Hollywoodland has had a long and checkered history with Communists, so we shouldn’t be surprised that the current studio execs and creative geniuses are cozying up to their new overlords in Beijing.
Well, that’s the story I’m reading between the lines in the news. There is some logic to this idea anyway, so I really shouldn’t be too critical. Think back to the impeccable reasoning of American patriots of decades past:
1. A lot of Jews were confidante’s of V.I. Lenin and secured important positions in the Soviet government (until Stalin had them shot).
2. A lot of Jews work in Hollywoodland.
3. Therefore a lot of Jews in the movie biz are traitorous Commies.
And therefore names were named, and blacklists were compiled.
Now in 2011:
1. Hollywoodland is doing a lot of business with China.
2. It’s difficult for foreign entertainment companies to make money in China.
3. Therefore something unseemly must be going on.
4. Hey, didn’t there used to be a lot of Commies in Hollywood?
Maybe I’m grasping at straws, but this whole thing is a bit puzzling. Consider today’s headline in the Independent:
The article is all about how DreamWorks bent over backwards to be nice to China and defuse charges of cultural insensitivity. The message is clear: DreamWorks kissed a lot of asses over here (or as Jeffrey Katzenberg would say, 拍马屁).
From the Independent:
Hollywood is taking no chances of being accused of disrespecting Chinese culture as it launches Kung Fu Panda 2, featuring the bumbling animated character Po, in the spiritual home of the endangered bear.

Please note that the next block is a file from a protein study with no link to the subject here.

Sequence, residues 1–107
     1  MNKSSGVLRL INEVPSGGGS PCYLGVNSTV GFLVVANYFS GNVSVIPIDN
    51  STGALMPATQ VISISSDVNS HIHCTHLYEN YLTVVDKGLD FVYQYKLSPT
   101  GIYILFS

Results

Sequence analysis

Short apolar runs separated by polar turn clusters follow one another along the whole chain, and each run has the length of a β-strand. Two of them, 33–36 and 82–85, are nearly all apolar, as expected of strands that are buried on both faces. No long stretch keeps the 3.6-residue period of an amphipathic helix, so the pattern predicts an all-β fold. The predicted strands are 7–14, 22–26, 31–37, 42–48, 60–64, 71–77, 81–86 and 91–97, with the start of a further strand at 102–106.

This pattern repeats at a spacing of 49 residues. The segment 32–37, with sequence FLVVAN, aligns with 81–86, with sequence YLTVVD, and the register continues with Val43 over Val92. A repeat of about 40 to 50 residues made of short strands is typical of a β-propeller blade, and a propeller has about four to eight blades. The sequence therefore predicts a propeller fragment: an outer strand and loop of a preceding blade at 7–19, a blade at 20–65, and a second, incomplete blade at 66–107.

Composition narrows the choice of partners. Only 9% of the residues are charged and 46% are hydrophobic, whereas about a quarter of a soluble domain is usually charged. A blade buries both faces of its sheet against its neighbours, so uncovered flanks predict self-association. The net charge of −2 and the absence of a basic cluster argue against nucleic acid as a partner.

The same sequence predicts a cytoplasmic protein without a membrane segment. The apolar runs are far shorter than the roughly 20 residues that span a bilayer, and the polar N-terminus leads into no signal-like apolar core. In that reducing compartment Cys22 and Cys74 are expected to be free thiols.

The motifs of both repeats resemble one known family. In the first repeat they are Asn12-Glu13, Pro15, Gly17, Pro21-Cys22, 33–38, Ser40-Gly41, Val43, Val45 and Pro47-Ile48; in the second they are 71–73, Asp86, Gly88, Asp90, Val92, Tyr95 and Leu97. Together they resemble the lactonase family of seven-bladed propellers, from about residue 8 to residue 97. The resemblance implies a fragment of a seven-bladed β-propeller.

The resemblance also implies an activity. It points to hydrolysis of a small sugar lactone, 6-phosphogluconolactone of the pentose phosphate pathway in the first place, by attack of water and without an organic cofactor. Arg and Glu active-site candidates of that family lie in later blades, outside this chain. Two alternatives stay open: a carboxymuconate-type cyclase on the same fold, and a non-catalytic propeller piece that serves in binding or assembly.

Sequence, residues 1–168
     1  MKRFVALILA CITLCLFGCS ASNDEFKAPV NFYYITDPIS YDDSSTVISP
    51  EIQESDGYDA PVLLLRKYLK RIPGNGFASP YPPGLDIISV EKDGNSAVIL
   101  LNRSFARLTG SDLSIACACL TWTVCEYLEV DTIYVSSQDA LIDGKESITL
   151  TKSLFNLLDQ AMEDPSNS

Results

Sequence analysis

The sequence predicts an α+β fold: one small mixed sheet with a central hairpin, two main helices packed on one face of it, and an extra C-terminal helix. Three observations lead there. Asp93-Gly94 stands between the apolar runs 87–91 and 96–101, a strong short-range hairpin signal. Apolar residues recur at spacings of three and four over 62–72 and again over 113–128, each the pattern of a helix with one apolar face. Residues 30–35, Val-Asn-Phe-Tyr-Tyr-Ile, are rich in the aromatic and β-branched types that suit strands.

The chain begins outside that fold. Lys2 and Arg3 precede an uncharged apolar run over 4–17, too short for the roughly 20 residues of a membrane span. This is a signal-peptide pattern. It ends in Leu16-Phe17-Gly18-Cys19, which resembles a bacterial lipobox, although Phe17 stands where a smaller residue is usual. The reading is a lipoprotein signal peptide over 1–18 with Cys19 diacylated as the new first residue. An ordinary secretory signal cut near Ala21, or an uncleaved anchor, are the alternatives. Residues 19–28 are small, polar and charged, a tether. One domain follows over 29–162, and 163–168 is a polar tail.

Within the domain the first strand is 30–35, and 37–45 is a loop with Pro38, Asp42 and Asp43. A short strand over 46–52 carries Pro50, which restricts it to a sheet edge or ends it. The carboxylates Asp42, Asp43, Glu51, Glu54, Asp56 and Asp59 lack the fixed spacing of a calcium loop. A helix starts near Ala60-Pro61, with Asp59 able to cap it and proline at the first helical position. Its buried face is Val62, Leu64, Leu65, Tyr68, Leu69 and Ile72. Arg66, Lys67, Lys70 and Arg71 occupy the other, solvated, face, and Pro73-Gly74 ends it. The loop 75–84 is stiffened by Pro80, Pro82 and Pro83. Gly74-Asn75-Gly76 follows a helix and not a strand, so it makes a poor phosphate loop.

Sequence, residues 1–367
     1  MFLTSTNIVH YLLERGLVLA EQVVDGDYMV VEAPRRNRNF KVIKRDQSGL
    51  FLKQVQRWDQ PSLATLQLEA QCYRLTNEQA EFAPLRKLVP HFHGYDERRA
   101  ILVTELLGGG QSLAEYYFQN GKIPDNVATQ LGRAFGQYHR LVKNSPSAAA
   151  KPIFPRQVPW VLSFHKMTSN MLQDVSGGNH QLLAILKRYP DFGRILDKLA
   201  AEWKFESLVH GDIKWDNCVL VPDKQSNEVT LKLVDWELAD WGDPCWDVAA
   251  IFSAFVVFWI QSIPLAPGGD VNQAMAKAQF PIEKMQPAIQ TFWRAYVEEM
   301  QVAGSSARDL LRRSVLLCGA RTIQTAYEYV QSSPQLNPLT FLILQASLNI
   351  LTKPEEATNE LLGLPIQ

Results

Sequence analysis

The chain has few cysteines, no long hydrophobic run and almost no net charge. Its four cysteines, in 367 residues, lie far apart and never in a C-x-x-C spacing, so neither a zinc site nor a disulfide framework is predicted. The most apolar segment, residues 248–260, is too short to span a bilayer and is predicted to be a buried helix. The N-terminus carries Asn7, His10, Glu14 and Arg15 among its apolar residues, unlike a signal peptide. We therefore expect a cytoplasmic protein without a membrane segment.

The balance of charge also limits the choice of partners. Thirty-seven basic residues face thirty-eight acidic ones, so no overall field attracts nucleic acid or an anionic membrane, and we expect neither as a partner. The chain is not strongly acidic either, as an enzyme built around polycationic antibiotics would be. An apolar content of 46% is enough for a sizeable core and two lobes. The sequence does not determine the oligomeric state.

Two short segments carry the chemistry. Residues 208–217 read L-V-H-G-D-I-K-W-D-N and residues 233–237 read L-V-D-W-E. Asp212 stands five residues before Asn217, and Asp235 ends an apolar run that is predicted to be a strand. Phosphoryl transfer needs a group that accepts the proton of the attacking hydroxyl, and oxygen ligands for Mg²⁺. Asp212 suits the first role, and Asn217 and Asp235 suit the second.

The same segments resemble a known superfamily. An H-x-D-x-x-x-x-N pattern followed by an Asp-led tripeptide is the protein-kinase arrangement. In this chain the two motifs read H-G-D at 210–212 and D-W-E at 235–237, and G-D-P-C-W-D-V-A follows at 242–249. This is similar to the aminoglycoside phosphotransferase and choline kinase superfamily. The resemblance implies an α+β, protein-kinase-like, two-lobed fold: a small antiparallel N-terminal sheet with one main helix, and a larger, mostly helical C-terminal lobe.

The makers of the film at the DreamWorks studio sent key personnel on tours of Sichuan province ahead of the arrival of Po, his teacher Shifu and the kung fu masters, Furious Five, to ensure proper homage was paid. The film is due to be released on Wednesday.
“I wanted to do the Chinese culture justice, to show it is beautiful because I love Chinese painting. I was scared by what Chinese people would think, but finally I was happy to see how they love it, I can’t ask for more,” insists art director Raymond Zibach.
A few things here. First, the “massive protest” that rocked the country when “Kung Fu Panda” (the original) was released was mostly just Zhao Bandi, a raunchy artist who has what I would say is an unhealthy fixation on panda bears. This guy actually sued DreamWorks under some ridiculous theory that he had certain rights to images of pandas.
Second, Zhao’s lame protests were not part of any government conspiracy. DreamWorks had no real fences to mend with the government after the release of the first film, which did extraordinarily well at the box office here, because only about six people in the entire country took any offence to Kung Fu Panda 1.
Third, it sounds to me like a great deal of the travel to Sichuan done by DreamWorks folks while the film was in development was actual research as opposed to special-purpose government relations. Indeed, foreign film studios that want to kiss government arse do so in a dignified fashion — late at night at a karaoke bar in Beijing with an official from the State Administration of Radio, Film and Television (SARFT). Visiting officials at a panda preserve in Sichuan? If that’s not research, it’s a wasted trip.